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How to brainstorm a successful business system for your farm

All new business endeavors should start with a good brainstorming session. By working with the people who know your existing farm or business, you can…

All new business endeavors should start with a good brainstorming session. By working with the people who know your existing farm or business, you can create exciting new means of income and production!

You should start by sitting down (along with your spouse and any partners, financiers or managers) and assessing your situation. Have a brainstorming session; write down your thoughts or record the session. Don’t be afraid to dream, to imagine some pretty wild ideas. Think big. Imagine you could do anything; don’t be limited by practicality at this stage. Think of goals. Try to fill needs or supply possible markets. Think of new ways to use a resource you already have—like corn cobs. Can corn cobs be made into toys—or paper—or alcohol? Combine elements from widely different sources.

Get additional ideas from what others are doing and from published resources, such as Acres U.S.A. and Mother Earth News. Watch for new and developing trends, such as public concerns about saturated fats, or growing biofuels.

Get realistic

After you have brainstormed for ideas, then it is time to be more realistic. What are your short-term and long-term goals and needs? Just for supplementary income or to start a whole new business? Do you want steady year-round income or will a seasonal operation meet your needs? Go through your ideas and pick out several that seem the most promising.

Can corn cobs be turned into toys?

For each idea, take a sheet of paper and write the idea at the top, like Raising Llamas. Then write down why you want to do it, such as, “To provide a popular and unusual animal for an expanding market,” or perhaps, “To develop a new market for llama milk.”

Next, you really have to get practical. You need to do your homework and investigate the feasibility of your idea. Evaluate the pluses and minuses of your present situation. Find out what you will need to get started—and to grow bigger. Using our example:

  • How much land do you need to raise llamas?
  • Will llamas do well in your climate?
  • What do llamas eat, anyway? Can you grow it?
  • Do llamas need special housing?
  • How many hours per day are required to care for a llama?
  • How promising is the market for llamas? For llama milk?
  • How much can you expect to pay for a llama?
  • Etcetera, etcetera.

Naturally, you would like to make a profit right away, but many ventures will have sizeable start-up costs and/or may not get into the black for several years, such as growing tree fruit or pulpwood. Can you round up the needed capital—from loans, grants or investors? Check into the possibility of grants or matching funds from state or federal agencies or from private foundations. What is the likely cash-flow?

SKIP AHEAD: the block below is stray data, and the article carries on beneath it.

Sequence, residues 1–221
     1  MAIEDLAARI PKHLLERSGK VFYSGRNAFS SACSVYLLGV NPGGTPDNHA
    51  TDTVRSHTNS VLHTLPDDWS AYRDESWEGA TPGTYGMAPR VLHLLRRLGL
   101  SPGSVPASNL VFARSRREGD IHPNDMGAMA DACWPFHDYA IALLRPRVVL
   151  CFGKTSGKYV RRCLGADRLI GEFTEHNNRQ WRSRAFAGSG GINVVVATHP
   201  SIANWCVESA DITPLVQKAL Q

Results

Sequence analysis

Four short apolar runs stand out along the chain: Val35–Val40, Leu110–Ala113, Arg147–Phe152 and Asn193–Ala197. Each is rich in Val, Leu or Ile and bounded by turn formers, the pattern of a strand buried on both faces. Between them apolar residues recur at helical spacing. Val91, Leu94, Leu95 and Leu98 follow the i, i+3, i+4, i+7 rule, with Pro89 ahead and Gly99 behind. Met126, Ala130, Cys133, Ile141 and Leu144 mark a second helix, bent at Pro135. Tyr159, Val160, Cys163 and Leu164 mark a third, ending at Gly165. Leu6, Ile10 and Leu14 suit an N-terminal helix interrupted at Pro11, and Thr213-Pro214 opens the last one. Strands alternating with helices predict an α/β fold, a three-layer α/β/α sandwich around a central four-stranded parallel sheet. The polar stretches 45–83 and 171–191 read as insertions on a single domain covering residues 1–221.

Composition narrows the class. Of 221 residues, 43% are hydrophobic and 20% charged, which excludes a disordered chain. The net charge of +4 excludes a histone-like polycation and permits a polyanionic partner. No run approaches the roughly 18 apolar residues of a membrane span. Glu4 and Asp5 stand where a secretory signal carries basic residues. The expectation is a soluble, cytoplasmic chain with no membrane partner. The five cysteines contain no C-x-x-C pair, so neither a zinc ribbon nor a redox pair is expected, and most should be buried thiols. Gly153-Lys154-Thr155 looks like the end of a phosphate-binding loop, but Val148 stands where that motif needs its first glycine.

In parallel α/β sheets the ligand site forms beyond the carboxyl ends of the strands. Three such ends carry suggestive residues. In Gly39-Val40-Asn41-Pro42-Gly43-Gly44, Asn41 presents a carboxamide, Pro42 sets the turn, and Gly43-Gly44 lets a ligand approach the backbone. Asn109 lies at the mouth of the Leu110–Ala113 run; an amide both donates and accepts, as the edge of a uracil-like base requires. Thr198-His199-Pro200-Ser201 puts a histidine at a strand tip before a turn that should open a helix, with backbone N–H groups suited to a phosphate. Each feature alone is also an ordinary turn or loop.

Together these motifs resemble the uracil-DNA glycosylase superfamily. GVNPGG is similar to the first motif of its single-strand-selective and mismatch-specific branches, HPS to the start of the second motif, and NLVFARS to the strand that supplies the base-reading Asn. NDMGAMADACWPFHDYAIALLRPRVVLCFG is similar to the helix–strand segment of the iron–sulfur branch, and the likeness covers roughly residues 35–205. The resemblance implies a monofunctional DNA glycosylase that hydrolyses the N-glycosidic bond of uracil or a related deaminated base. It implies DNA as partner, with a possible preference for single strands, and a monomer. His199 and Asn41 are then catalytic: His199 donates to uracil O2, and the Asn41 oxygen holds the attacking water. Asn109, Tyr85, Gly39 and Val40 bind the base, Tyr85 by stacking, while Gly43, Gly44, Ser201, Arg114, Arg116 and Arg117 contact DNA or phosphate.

Check out the possible legal requirements or pitfalls, such as zoning laws, food safety laws, pollution control ordinances, and tax laws. Is insurance required?

Talk to potential markets to be sure they would buy your product and for how much. Do they have any quantity or quality requirements? Check out any transportation costs. Will you need to advertise; if so, which media are best and what will it cost?

Make out a detailed (as best you can) business plan and projected budget—for each year for five or ten years. If this is too much for you to handle, there are professional small business advisers available. Some government agencies provide their service at no cost.

Now, do you still want to try that idea? Is it a wise, practical idea? Think about it for a while. Discuss it with your family and others whose opinion you trust. Could your new venture survive an unexpected disaster such as illness or injury, or a devastating storm? Don’t rush into anything. Probably it would be best to start small and see how things go. Don’t risk everything at once.

Maybe “Larry’s Llama Milk” is an idea whose time has not yet come.


Following are some pointers from the book How to Make $100,000 Farming 25 Acres by Booker T. Whatley (1987):

  1. Produce only what your customers want.
  2. Produce high-value commodities (plants or animals) in such a way that different ones are ready to market at different times of year, thus providing year-round income and employment. Diversify into unusual products.
  3. Be located on a hard-surfaced road within 40 miles of an urban center of at least 50,000 population.
  4. Run a pick-your-own operation, so that much of the labor is done by the customer.
  5. Have a guaranteed market with a clientele membership club with an annual membership fee (community-supported agriculture).
  6. Be weatherproof, with drip and/or sprinkler irrigation.
  7. Avoid middlemen. Market your products directly.
  8. Be covered by at least $250,000 of liability insurance ($1 million is better).

Source: Foundations of Natural Farming


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